AP News Summary at 10:05 a.m. EDT | national news


Pressure on Russian forces mounts after Ukraine advances

KYIV, Ukraine (AP) — Western defense officials and analysts said they believe Russian forces were setting up a new defensive line in northeastern Ukraine after troops from Kyiv broke through the previous one and attempted to push their advances further east. The UK Ministry of Defense said the line was likely to be between the Oskil River and Svatove, southeast of Kharkiv, Ukraine’s second-largest city. The new line comes after a Ukrainian counter-offensive ripped a hole in the previous front line and recaptured large swathes of land in the northeast Kharkiv region. Ukrainian forces continue to cross a key river as they attempt to pursue a counteroffensive targeting Russian-occupied territory in the northeast of the country, according to a Washington-based think tank.

Thousands of people wait in the cold to pay their respects to Queen Elizabeth II

LONDON (AP) — Thousands of people spent London’s coldest night in months queuing to view the coffin of Queen Elizabeth II. Authorities warn that mourners who arrive face a 16-hour wait. Honoring their patience, King Charles III and Prince William paid an unannounced visit to greet the waiting crowds. William and the Queen’s other seven grandchildren are due to watch next to her coffin in Parliament’s Westminster Hall on Saturday. Police arrested a man on Friday evening after what police described as a “disturbance” there. Parliamentary authorities said someone tried to approach the coffin on the platform where it lies as it is.

Voter challenges, registration requests overwhelm electoral offices

Election conspiracy theorists flood local election offices with voter protests and demands for public records. The flurry of investigations adds to the already heavy workload these offices face as they scramble to prepare for the November election. Election officials say many of the challenges they receive challenge the presence on the voter rolls of people who are already suppressed or eligible to be registered. At a minimum, it takes time for election offices to register all protests. And if some of the targeted voters vote in November, there could be a fight over whether to count their votes.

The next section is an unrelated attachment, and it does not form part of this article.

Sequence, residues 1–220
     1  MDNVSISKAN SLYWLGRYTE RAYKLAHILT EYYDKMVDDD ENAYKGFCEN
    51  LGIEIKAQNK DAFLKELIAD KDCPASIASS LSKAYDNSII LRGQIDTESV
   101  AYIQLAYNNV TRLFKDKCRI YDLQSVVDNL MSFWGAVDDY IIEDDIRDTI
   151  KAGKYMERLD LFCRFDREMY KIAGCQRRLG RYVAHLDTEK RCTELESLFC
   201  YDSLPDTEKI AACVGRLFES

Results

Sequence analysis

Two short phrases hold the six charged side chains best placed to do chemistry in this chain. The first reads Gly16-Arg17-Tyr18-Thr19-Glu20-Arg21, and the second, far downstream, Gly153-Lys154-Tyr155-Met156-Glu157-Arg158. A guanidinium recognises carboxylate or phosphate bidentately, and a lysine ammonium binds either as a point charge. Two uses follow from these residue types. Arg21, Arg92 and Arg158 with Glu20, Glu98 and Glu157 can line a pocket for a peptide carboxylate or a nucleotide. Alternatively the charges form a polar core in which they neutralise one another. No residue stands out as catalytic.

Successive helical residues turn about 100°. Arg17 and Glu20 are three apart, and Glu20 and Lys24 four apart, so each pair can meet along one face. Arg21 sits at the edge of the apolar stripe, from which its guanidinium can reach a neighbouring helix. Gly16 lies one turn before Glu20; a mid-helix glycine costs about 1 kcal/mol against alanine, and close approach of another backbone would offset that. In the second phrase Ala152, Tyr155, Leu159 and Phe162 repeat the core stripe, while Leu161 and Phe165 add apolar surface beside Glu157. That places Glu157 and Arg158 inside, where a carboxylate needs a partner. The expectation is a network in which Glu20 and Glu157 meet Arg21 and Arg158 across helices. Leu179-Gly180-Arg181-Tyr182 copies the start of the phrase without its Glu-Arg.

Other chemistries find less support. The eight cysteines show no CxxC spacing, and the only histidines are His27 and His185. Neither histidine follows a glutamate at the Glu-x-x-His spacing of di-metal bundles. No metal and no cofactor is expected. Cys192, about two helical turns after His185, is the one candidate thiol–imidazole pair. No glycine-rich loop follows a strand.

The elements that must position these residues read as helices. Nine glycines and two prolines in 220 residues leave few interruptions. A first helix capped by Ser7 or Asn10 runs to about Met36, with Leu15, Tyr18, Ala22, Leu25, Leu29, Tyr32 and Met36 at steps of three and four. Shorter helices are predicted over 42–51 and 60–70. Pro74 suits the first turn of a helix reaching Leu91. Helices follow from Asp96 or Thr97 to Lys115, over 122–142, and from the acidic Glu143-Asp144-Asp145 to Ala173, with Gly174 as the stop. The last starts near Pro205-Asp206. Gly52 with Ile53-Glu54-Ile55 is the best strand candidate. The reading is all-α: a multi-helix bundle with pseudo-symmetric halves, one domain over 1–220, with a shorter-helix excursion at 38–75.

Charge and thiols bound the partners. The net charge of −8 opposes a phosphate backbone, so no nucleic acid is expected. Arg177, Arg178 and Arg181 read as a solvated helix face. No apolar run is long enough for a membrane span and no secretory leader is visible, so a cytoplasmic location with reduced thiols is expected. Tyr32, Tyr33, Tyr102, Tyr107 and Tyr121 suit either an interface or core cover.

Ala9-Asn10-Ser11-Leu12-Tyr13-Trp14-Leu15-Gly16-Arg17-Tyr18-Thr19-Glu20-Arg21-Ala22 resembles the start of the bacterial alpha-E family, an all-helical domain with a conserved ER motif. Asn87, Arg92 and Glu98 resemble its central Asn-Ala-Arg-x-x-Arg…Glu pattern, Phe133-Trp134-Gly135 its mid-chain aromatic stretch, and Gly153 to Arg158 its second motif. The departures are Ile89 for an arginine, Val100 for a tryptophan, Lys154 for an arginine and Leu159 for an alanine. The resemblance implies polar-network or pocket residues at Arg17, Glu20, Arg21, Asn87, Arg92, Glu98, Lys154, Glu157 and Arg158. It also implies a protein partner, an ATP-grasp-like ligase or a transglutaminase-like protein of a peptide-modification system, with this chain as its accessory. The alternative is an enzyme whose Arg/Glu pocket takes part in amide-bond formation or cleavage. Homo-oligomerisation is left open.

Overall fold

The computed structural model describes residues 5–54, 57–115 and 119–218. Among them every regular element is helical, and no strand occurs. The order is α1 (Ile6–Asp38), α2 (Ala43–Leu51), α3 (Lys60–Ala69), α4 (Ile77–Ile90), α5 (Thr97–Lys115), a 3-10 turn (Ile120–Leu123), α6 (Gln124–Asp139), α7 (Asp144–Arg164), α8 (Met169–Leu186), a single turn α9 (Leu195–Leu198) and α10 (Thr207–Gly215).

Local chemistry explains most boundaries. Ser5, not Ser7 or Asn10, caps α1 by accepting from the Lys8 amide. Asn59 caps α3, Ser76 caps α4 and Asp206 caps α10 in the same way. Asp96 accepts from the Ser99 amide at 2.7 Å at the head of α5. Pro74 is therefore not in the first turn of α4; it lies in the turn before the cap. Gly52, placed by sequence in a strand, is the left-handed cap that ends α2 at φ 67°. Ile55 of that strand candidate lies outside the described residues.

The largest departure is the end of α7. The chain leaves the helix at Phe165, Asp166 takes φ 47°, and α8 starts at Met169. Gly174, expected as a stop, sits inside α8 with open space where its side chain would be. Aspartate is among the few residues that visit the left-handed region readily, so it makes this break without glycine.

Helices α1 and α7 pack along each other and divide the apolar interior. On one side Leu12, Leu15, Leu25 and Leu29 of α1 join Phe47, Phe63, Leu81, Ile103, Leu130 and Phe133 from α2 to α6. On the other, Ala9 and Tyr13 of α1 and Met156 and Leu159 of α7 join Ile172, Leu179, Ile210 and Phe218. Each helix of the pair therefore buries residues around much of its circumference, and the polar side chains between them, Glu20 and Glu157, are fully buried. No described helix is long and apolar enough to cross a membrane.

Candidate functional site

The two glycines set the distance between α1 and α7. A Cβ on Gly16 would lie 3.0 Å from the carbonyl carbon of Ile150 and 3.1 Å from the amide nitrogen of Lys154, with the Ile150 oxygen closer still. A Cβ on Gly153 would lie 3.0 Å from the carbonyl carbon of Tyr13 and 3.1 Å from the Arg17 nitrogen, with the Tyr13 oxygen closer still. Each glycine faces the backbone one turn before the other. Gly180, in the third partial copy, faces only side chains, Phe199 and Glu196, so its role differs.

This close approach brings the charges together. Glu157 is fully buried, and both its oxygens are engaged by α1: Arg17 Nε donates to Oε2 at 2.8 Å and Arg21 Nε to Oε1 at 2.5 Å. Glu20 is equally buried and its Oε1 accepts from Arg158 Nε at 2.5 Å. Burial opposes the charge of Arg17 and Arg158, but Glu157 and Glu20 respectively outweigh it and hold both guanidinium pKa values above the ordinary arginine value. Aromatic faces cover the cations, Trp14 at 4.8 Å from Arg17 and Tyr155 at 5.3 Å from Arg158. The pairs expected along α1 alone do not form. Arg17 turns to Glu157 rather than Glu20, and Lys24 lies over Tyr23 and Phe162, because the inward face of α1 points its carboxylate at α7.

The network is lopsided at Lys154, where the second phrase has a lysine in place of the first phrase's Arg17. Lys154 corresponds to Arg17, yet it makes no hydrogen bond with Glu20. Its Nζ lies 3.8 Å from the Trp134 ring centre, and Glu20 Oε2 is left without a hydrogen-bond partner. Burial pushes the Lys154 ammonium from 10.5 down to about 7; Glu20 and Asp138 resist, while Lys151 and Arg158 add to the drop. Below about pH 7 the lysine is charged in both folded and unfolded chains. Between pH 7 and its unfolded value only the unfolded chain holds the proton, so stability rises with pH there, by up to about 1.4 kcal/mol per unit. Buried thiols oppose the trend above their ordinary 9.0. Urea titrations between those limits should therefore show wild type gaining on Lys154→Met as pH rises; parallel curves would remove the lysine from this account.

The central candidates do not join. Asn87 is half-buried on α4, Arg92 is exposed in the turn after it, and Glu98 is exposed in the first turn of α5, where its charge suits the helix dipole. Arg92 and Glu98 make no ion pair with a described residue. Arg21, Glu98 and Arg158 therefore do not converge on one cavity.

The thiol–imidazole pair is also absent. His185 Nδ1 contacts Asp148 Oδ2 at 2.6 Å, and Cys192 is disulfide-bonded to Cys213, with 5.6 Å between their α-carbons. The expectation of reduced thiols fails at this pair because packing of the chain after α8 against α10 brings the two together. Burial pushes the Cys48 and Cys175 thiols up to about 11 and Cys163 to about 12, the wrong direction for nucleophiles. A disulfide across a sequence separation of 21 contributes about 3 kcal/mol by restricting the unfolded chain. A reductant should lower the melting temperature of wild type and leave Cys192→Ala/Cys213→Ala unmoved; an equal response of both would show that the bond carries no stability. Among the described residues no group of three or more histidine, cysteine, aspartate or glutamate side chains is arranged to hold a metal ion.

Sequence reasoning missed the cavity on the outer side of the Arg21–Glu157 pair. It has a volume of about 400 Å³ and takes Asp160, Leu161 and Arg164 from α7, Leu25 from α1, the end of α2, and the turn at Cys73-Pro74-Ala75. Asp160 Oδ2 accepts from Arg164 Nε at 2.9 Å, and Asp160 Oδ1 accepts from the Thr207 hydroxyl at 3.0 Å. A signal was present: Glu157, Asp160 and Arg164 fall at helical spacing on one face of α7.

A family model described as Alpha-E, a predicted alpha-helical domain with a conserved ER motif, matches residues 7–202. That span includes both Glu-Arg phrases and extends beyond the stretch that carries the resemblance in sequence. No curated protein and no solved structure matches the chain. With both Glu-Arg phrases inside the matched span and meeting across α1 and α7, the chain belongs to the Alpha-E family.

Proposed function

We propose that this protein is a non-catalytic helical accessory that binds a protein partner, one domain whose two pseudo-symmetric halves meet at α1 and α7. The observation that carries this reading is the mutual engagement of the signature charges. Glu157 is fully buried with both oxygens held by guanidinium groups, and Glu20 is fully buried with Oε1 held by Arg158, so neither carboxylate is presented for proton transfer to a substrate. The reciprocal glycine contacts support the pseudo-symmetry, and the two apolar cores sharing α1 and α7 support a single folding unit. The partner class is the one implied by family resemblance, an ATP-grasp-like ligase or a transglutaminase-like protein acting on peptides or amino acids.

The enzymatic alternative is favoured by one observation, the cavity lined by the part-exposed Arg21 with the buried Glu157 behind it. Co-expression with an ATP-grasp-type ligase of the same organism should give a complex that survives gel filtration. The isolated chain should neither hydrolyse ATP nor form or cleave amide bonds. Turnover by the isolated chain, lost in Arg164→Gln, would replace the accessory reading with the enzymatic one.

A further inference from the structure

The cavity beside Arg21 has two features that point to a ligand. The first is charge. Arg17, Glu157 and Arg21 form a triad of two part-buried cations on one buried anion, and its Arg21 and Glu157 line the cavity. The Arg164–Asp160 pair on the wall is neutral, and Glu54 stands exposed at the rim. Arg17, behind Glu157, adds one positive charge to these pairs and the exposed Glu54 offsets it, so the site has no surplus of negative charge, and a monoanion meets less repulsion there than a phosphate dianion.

Hungary has to face the EU, which could cost it billions

BUDAPEST, Hungary (AP) — Hungary’s nationalist-populist government is facing a reckoning with the European Union after nearly a decade of accusations that it failed to uphold democratic values ​​in the EU. The EU’s executive arm, the European Commission, appears set to impose financial sanctions on Hungary on Sunday over corruption concerns and alleged breaches of the rule of law. Hungary is one of the biggest net recipients of EU funds in the 27-nation bloc, and the sanctions could cost Budapest billions and cripple its already struggling economy. Prime Minister Viktor Orban has denied the commission’s accusations. A lawmaker who is a former member of Orban’s party alleges the government funneled large sums of EU money into the businesses of politically connected insiders.

Alaska braces for flooding and power outages as huge storm approaches

JUNEAU, Alaska (AP) — Residents of Alaska’s vast and sparsely populated west coast have braced for what forecasters have said could be one of the worst in recent history, along with strong winds and strong waves that could cut out electricity and cause flooding. The storm is the remnants of Typhoon Merbok. The warnings call for winds reaching hurricane speeds in places, water levels reaching up to 18 feet above normal high tide in some communities and widespread power outages and areas of flooding and ‘erosion. The storm is also influencing weather patterns away from Alaska — a rare late-summer storm is expected to bring rain this weekend to drought-stricken areas of California.